A journey to the most extreme points on Earth and deep inside the human spirit
Before Georgetown physics professor Francis Slakey decided to climb the highest mountain on every continent and surf every ocean, he had shut himself off from other people. His lectures were mechanical; his relationships were little more than ways to fill the evenings. But as his journey veered dangerously off course, everything about him began to change.
A gripping adventure of the body and mind, To the Last Breathdepicts the quest that leads Slakey around the globe, almost takes his life, challenges his fiercely held beliefs, and opens his heart. The scientist in Slakey explores the history of Robert Falcon Scott’s doomed Antarctica expedition, the technology of climbing, and the geophysics of waves. But it is the challenges he endures and the people he encounters—a Lama who gives him a mysterious amulet, a life-or-death choice atop Everest, an ambush at gunpoint in Indonesia, a head-on collision in the high desert—that culminate in a moving lesson about what it means to be human.read more
I absolutely loved this book, from the first page to the last page it was hard to put down. If I had the chance I would have read it through in one day. It was exciting but mostly it was insightful, to watch him on his journey how he transformed from the disconnected person he was to one with such passion. I would recommend this book to everyone, however if you want to read a book about mountain climbing and surfing this may not be the one for you. This is more about his journey and less about his adventures.I won this book from Goodreads.read more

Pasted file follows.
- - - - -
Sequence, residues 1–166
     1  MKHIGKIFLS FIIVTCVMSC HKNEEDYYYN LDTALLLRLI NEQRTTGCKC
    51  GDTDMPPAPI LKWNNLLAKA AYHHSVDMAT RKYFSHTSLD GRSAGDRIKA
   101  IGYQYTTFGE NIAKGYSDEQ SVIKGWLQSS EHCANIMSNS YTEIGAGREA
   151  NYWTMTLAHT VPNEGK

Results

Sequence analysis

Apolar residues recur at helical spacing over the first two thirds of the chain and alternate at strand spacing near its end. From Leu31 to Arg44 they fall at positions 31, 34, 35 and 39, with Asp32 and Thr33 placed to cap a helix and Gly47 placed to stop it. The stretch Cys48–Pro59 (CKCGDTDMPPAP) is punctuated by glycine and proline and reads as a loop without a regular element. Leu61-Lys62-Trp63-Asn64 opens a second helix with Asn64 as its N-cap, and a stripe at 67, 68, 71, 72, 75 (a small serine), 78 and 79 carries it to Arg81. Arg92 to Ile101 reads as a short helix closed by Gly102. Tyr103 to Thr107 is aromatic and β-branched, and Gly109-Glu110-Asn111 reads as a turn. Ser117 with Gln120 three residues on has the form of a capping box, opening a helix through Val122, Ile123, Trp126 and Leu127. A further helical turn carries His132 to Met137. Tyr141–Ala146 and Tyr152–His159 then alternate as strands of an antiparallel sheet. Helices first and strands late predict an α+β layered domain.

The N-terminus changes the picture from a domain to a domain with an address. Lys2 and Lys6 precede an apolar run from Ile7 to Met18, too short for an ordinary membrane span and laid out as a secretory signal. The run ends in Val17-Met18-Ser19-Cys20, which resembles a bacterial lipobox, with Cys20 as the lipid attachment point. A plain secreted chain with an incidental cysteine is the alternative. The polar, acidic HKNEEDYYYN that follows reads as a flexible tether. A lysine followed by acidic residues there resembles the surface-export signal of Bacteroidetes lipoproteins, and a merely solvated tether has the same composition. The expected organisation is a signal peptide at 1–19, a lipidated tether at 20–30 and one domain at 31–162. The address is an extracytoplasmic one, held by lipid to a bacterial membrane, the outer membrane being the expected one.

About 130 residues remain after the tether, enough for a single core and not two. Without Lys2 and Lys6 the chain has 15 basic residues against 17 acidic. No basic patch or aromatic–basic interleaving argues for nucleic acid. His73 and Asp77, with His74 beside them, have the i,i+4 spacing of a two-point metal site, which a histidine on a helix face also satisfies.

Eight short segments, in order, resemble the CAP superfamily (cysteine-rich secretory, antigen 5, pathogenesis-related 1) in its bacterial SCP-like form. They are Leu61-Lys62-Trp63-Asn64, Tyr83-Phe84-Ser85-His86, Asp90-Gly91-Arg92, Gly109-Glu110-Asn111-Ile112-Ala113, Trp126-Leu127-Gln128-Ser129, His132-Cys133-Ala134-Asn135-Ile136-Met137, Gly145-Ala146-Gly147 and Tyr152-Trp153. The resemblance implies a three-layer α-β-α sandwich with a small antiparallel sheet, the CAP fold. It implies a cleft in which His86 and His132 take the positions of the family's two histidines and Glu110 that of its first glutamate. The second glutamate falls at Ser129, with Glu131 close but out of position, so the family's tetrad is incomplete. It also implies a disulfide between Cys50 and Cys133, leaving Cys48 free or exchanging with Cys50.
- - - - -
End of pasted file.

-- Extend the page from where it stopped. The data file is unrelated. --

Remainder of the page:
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At age 37, physicist Slakey decided to climb the highest mountain on every continent and to surf every ocean. Cold and calculating, he imagines that he can work through his list of mountains and oceans in a perfectly efficient manner, assessing and evaluating the risks and completing each challenge. Over the next 10 years, hell-bent on accomplishing his goals, Slakey braves and survives subzero cold in Antarctica, a blizzard on Mt. Everest, and a near-deadly confrontation with a paramilitary group in Indonesia, among other adventures. In this rambling and disjointed memoir of his attempt to conquer mountains and waves, Slakey haltingly attempts to reveal the ways that small events changed him from a detached and insensitive individual into a caring person who recognizes the interconnectedness of all humanity. On his Everest climb, he witnesses a fellow climber giving up his oxygen to a climber in trouble-something he would never have thought of doing in his single-minded quest to achieve his goal. Once he leaves Indonesia, he learns that a group of Americans has been ambushed and killed by a group of soldiers; when he meets one of the survivors of that ambush, his hard-heartedness begins to melt even further. Yet by the time Slakey reports his change of heart about the world and others, it's too late, for his arrogant and condescending nature has permeated the memoir, presenting a far more pervasive attitude toward life than the one he says he has embraced. (May) (c) Copyright PWxyz, LLC. All rights reserved.